Enhanced Biometrics-based Remote User Authentication Scheme Using Smart Cards

Secure and efficient authentication scheme has been a very important issue with the development of networking technologies. Li and Hwang proposed an efficient biometrics-based remote user authentication scheme using smart cards. However, recently, Li et al. pointed out that their scheme is vulnerable to the man-in-the-middle attack, and does not provide proper authentications, and Li et al. proposed an improved biometrics-based authentication scheme. These schemes are vulnerable to various attacks even if the schemes are based on tamper-resistant technologies. Tamper-resistant technologies have been developed with the various applications of smart cards. Therefore, we will assume that the user could use the tamper-resistant smart card in this paper. First of all, this paper shows that Li et al.’s scheme is vulnerable to the replay attack and has a weakness to the password changing scheme even if it is assumed that the scheme could use the tamper-resistant smart cards. Furthermore, we propose an enhanced authentication scheme to solve the security flaws in the two schemes.

Remote user authentication is a method to authenticate remote users to a server over insecure networks. To
authenticate remote users, the password-based authentication method has been widely used. Lamport in [1]
proposed an authentication scheme based on passwords, in which a password verification table was used in the
server. However, since the scheme needs to maintain a verification table in the server, it is very vulnerable to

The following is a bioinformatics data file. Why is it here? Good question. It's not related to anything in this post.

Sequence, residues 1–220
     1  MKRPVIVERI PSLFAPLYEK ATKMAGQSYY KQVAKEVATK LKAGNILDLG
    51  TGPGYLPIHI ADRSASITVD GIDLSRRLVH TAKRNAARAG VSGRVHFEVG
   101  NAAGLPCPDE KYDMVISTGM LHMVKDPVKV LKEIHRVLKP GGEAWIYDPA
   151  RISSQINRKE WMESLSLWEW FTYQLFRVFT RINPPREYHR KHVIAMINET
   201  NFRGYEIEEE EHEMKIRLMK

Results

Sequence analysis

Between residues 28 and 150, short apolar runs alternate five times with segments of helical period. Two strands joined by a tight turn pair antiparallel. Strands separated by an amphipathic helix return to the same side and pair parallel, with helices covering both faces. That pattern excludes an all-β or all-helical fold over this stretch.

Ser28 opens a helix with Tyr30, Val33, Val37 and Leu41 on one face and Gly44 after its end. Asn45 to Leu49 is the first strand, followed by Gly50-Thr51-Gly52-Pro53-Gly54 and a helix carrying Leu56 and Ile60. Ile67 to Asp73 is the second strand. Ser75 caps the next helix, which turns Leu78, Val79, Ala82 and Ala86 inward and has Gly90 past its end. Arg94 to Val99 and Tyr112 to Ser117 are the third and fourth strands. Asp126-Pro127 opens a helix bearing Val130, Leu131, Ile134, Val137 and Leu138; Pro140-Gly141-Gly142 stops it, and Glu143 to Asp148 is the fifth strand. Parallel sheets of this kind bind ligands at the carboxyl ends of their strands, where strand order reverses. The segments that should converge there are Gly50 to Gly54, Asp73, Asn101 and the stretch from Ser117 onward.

the server compromise attack or the verification table modification attack.

. Review of Related Schemes
In this section, we briefly discuss the attributes of smart cards that qualify them for remote user authentication schemes and review Li and Hwang’s scheme in [16] and Li et al.’s scheme in [19] with the cryptanalysis of their schemes. 2.1. Attributes of Smart Cards These days, smart cards play an important role in our everyday life. We utilize them as credit cards, electronic purses, health cards, and secure tokens for authentication of individual identity. But, since smart cards have low computing capability, lots of authentication schemes using smart cards have been designed without public key cryptosystem technology for computation efficiency. Under the circumstances, if a smart card is lost or stolen, those schemes are usually weak from the offline password guessing attack, because human-memorable passwords are not long enough to resist the attack. Even if a smart card is lost or stolen, to protect important data in the smart card such as password and secret key information, proper tamper-resistant technologies in both hardware and software have been developed to counteract various attacks [20-24]. According to smart card alliance, today’s smart card technology is extremely difficult to duplicate or forge and has built-in tamper-resistance. Smart card chips include a variety of hardware and software capabilities that detect and react to tampering attempts and help counter possible attacks. For example, the chips are manufactured with features such as extra metal layers, sensors to detect thermal and UV light attacks, and additional software and hardware circuitry to thwart differential power analysis [25]. It is important to develop authentication schemes using general smart cards, but they are usually insecure for the stolen smart card attack. Considering the poor computing capability of smart cards, authentication schemes using smart cards are required to have low computation cost by performing of hash functions or symmetric key cryptosystems as their main operations. Therefore, to develop an efficient and secure authentication scheme which can resist the smart card stolen attack, temper-resistant smart cards can be used.

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